IPAA call for more agency cooperation to unlock elusive energy-rich public lands

Dec. 19, 2002
An independent producer group said that new government surveys show there is reason to be optimistic that there is more undiscovered oil and gas within US public lands than once thought.

By OGJ editors

WASHINGTON, DC, Dec. 19 -- An independent producer group said that new government surveys show there is reason to be optimistic that there is more undiscovered oil and gas within US public lands than once thought. However, producers say they are worried that the wide differences in various agency analyses, coupled with burdensome regulations, may mean that companies may find it difficult to bring that oil and gas to market.

This week the Department of Energy and two agencies within the Department of Interior —the US Geological Survey and the Bureau of Land Management—released surveys that assessed the amount of undiscovered oil and natural gas thought to be located within portions of the nation's public lands. The agencies also outlined the economic and technical recoverability of those resources and assessed their potential fiscal impact on the nation (OGJ Online, Dec. 17, 2002).

"Assessments of our nation's oil and natural gas resources are an important planning tool to help secure the energy our country demands for growth and economic security," said Diemer True, chairman of the Independent Petroleum Association of America. "The assessments released this week show great promise in our industry's ability to meet consumer demand, but we still see many variables within the reports, such as wide-ranging reserve estimates, that seem confusing and contradictory. Natural gas demand, in particular, is growing dramatically, and we need the most accurate assessment possible of our natural gas resources." True is partner with True Oil Co., Casper, Wyo.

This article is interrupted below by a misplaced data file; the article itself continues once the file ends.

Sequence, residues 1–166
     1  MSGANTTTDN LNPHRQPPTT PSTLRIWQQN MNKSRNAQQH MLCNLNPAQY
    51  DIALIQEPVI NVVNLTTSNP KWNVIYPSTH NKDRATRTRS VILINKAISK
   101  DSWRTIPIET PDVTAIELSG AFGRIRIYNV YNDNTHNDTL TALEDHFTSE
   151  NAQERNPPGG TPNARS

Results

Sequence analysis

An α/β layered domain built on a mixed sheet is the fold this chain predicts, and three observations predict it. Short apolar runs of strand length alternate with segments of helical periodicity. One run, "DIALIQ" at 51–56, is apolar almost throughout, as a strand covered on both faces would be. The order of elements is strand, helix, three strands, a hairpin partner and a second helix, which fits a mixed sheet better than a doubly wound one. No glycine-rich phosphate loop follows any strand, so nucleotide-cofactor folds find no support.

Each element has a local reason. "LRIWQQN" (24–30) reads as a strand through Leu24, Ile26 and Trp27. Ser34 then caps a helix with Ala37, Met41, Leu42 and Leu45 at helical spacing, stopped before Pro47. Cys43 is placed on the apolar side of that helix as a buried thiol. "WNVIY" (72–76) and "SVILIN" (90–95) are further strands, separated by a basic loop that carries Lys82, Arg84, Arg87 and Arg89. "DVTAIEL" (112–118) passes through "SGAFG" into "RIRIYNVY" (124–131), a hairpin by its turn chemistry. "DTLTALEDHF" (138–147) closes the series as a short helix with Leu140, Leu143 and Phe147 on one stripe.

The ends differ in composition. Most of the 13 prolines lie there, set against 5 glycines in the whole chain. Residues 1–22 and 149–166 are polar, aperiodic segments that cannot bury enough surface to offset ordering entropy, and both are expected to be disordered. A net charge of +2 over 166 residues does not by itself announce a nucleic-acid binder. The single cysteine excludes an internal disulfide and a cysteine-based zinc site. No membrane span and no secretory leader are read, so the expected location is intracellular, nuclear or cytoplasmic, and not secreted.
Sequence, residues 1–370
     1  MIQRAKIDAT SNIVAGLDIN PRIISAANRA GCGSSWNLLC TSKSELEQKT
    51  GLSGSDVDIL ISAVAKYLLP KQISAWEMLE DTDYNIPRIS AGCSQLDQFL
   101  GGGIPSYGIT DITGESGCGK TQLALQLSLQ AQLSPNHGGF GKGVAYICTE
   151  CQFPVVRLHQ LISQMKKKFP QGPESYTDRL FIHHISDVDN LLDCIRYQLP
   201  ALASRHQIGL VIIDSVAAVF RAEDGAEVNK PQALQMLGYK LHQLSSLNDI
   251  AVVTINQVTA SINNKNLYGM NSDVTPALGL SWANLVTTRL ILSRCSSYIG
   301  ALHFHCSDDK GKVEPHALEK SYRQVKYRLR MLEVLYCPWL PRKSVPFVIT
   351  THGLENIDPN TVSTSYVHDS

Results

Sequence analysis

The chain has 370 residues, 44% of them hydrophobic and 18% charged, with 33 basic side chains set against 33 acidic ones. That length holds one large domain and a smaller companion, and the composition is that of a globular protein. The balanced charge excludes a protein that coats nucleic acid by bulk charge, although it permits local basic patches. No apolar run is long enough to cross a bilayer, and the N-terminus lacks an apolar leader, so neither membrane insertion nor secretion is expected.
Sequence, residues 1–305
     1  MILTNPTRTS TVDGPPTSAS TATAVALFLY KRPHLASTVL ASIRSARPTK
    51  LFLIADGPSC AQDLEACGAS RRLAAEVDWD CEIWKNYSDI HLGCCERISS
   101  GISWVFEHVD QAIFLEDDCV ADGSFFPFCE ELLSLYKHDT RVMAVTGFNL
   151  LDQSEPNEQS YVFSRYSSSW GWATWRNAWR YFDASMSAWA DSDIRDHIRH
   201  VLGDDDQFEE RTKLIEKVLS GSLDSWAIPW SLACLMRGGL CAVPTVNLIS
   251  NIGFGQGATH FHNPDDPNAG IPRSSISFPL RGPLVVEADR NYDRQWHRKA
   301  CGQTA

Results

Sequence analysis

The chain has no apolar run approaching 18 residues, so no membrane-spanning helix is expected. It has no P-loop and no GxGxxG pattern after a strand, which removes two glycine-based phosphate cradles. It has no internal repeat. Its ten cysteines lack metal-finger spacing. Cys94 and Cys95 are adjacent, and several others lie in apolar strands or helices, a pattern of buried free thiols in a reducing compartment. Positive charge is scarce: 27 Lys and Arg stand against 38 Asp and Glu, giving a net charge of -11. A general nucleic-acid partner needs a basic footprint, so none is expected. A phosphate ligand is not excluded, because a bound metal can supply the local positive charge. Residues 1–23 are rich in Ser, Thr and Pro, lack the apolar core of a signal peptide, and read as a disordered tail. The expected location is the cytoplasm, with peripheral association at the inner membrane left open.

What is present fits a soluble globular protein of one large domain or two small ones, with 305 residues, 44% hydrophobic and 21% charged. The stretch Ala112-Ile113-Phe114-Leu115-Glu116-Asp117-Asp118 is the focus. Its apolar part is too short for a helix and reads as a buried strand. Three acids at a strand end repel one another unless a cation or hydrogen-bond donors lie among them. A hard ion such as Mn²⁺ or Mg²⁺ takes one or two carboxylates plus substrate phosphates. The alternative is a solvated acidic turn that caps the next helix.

IPAA cited the following reports:
-- "The 2002 National Oil and Gas Assessment." The US Congress mandated this Dec. 16 report by the US Geological Survey in its Energy Policy and Conservation Act Amendments of 2000. The report examines undiscovered resources in the five basins of the Rocky Mountain region. It states that a mean of about 183 tcf of undiscovered natural gas is available in the region. IPAA said that an important point in this report is that USGS substantially increased its assessment of coalbed gas in the Powder River basin (Wyoming and Montana) to 14.3 tcf from a mean estimate of 1.1 tcf in 1995.

-- "Powder River Basin Coalbed Methane Development and Produced Water Management Study." This report, commissioned by the US Energy Department's Office of Fossil Energy also looks at the enormous promise of gas reserves, specifically in the Powder River basin of Wyoming and Montana. Unlike the USGS report, however, IPAA noted that the DOE study concludes that 39 tcf of coalbed gas is recoverable in this region, not 14.3 tcf as assessed by USGS in 2002 (or the 1.1 tcf in 1995).

-- The Bureau of Land Management Reservoir Management Group. While both the USGS and DOE increased their assessments of undiscovered coalbed natural gas reserves in the Powder River basin, BLM released a report this week examining the cost of not developing the region in an expedited manner. According to BLM, delays in coalbed gas development have cost the public $52 million in federal royalties since 1987, IPAA said. "This updated cost study estimates that coalbed gas is being drained across underground property lines by wells in neighboring states and private wells in the basin. The basin cannot be developed until the government completes a Powder River basin environmental impact statement. BLM predicts 292 bcf of federally owned gas will be lost to private and state wells by 2005."

Next steps
IPAA called for a more coordinated effort by policy makers that follow oil and gas reserves so that producers can have a clearer understanding of what exactly is available to them.

"Clearly, coalbed natural gas will be an invaluable resource to meet the future energy needs of our nation" said Barry Russell, IPAA president. "In America, as always, independent producers explore and produce oil and natural gas better than any other country, with more attention to environmental concerns and the public well-being than anyone else.

"However, to develop this important resource, we need an accurate assessment of coalbed gas. And from the reports we've seen this week, the more time it takes to assess our resources, the more it costs the American people," Russell said.

"The government has done an important assessment and has made significant progress in its blueprints of the nation's resources," he said. Now we will await the Interior Department's next study that details public oil and natural gas resources that are currently restricted to exploration and development. This study, to be released shortly, will be another important tool for planning our nation's energy future," Russell said.